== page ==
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Snow removal costs state $13 million in overtime
Other headlines: Ohio Supreme Court rules with tenants on guests safety; Parking scooters on sidewalks could soon be legal in Ohio

Reporter / Host
Jeff St. Clair
  • Ohio Supreme Court rules with tenants on guests safety
  • Parking scooters on sidewalks could soon be legal in Ohio
  • Snow removal costs state $13 million in overtime
    All of the overtime the state of Ohio is paying crews to keep roads cleared during this snowy winter may cut into road construction projects later this year.

    The Ohio Department of Transportation says the overtime comes from the agency's $2.8 billion overall budget, meaning less money for other needs later.

    This winter, the agency has spent more than $13 million on overtime for statewide snow removal so far, $3 million more than all of last year.

    Ohio's total cost for keeping roads clear so far this winter has been nearly $86 million  -   far higher than during the mild winter two years ago.

    Ohio Supreme Court rules with tenants on guests safety 
    The Ohio Supreme Court has found that landlords must provide a safe environment to guests of their tenants.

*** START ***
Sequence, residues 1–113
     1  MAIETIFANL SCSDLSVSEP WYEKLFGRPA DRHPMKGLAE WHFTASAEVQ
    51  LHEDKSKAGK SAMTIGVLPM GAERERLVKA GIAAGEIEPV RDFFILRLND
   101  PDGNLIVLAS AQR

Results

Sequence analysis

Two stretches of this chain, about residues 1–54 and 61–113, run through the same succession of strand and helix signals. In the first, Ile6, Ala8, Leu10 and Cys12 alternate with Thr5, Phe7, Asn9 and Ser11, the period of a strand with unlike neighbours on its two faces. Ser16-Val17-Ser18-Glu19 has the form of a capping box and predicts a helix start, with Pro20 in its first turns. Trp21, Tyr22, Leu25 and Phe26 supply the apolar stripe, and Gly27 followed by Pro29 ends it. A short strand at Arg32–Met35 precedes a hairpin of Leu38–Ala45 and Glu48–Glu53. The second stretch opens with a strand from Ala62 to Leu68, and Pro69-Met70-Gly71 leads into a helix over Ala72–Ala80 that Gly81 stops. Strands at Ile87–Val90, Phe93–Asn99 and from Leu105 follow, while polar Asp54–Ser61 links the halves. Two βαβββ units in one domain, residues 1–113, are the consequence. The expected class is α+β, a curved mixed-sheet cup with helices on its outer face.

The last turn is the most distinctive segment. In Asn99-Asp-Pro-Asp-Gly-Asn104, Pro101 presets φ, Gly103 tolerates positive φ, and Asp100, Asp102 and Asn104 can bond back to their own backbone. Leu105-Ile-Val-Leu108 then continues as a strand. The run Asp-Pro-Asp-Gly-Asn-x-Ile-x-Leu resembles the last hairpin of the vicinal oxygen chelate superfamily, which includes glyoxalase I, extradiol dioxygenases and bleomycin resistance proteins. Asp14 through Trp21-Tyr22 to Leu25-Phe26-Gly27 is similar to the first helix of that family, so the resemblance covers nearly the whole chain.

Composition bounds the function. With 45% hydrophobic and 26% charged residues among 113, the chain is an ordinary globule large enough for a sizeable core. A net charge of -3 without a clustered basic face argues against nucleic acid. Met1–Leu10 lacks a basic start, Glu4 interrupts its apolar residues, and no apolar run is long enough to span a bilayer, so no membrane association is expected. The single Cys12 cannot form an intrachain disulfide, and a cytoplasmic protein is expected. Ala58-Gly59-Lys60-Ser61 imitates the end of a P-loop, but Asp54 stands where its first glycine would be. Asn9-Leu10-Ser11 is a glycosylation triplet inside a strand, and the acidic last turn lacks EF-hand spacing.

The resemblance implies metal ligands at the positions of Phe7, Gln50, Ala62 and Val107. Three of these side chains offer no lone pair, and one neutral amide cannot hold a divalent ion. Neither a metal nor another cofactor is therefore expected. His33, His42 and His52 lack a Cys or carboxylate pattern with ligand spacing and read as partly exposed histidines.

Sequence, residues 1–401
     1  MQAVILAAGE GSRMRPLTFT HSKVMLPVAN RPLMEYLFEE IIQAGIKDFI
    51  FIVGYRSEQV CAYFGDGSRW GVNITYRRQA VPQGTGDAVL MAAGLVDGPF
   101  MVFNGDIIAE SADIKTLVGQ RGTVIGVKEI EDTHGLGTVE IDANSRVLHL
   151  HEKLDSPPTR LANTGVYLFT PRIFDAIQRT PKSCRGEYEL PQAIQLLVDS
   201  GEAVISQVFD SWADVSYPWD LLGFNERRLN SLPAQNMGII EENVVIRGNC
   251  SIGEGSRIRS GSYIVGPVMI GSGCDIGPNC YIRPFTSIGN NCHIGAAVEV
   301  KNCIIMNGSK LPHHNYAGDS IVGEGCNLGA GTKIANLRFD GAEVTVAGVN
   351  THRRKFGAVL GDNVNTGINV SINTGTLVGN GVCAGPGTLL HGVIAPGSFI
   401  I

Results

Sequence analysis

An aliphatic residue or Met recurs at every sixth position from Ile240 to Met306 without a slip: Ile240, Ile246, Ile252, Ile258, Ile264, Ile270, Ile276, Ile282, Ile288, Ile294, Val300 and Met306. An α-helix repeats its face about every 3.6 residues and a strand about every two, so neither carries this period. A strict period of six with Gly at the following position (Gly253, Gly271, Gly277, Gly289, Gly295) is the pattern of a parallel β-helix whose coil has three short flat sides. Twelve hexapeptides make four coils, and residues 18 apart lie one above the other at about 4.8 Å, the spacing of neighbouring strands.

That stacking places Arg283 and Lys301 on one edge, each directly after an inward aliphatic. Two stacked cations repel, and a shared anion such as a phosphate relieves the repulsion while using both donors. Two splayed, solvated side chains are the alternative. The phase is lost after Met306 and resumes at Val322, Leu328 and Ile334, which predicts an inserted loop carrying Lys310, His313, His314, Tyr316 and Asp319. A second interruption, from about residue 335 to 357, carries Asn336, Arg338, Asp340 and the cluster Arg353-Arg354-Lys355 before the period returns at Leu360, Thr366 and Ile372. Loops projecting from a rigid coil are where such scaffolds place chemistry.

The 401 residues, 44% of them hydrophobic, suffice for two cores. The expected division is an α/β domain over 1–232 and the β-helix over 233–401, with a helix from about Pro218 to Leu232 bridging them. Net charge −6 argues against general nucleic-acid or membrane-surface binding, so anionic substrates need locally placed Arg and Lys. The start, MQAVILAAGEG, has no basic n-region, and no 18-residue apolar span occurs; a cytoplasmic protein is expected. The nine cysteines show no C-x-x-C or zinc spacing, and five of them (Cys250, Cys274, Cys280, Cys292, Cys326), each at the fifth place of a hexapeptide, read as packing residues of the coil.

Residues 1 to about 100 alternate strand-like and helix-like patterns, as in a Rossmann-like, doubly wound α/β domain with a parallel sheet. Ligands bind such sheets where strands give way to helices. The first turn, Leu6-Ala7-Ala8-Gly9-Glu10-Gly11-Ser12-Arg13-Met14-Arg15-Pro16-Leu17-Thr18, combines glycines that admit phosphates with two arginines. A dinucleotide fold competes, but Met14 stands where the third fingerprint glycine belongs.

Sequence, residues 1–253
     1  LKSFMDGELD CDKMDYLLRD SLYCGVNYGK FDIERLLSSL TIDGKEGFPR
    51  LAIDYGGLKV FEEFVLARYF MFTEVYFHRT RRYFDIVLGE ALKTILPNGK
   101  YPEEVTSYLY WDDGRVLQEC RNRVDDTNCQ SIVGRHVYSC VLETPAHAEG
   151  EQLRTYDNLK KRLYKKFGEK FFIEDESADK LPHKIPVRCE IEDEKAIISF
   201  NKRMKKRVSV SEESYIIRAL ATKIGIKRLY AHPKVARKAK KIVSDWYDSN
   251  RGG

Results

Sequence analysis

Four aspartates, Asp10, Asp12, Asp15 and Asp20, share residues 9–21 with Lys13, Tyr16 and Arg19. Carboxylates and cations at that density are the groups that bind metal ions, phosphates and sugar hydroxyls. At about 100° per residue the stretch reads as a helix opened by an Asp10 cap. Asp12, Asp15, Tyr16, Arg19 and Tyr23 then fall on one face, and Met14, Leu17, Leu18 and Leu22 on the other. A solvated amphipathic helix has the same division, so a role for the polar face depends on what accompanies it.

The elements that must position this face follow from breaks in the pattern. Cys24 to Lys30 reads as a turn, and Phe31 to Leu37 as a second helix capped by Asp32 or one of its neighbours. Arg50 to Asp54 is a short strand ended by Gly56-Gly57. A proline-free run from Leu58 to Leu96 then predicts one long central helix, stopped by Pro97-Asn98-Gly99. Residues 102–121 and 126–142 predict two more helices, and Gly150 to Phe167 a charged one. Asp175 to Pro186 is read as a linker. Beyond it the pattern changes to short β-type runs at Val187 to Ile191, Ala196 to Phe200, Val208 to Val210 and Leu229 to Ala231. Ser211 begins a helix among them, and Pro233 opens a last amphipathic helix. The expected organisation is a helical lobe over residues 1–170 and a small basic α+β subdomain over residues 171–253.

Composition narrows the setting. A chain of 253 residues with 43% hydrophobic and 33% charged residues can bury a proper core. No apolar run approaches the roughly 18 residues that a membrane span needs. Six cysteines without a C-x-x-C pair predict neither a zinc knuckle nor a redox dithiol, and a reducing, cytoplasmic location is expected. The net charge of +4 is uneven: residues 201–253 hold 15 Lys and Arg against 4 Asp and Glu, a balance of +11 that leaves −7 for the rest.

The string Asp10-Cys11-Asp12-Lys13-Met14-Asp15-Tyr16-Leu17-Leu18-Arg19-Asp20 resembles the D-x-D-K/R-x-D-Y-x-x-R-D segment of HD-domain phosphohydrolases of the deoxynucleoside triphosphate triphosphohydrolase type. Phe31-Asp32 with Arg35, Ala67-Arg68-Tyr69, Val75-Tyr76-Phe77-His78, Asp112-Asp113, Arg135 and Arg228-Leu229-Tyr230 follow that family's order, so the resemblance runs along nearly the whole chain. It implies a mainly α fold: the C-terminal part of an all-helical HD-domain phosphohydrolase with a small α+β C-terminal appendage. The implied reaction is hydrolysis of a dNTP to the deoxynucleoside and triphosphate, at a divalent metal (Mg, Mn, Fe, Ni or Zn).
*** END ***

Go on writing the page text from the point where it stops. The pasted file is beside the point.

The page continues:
The unanimous decision resolves a conflict in two lower appeals courts that reached different conclusions in similar cases.

    Today's decision says that state law requires landlords to do whatever is reasonably necessary to keep their properties in a "safe and sanitary condition."

    Previously, the 9th District Court of Appeals in Akron found that a landlord's responsibilities didn't extend to guests.

    That conflicted with a finding by a Columbus Appeals court in a case involving a teenager who fell through a glass panel at the bottom of an unlit staircase.

    That court found that the landlord breached his duties and was liable for her injuries.

    Parking scooters on sidewalks could soon be legal in Ohio
    Ohioans could park certain motor scooters and motorized cycles on sidewalks under a proposal slated to be voted on Wednesday by state representatives.

    Current Ohio law bans vehicles from parking on sidewalks, while allowing bicycles. The proposal would let people park motor scooters or certain motorbikes on sidewalks, as long they do not impede the flow of pedestrian traffic.

    The state Senate passed an earlier version of the bill.

    State Sen. Bill Seitz of Cincinnati sponsored the measure after hearing about the parking struggles of his law partner. He has said the change could encourage people to commute in more energy-efficient ways.

    The measure also would let people drive their historical vehicles on public roads and highways when traveling to and from locations for maintenance.

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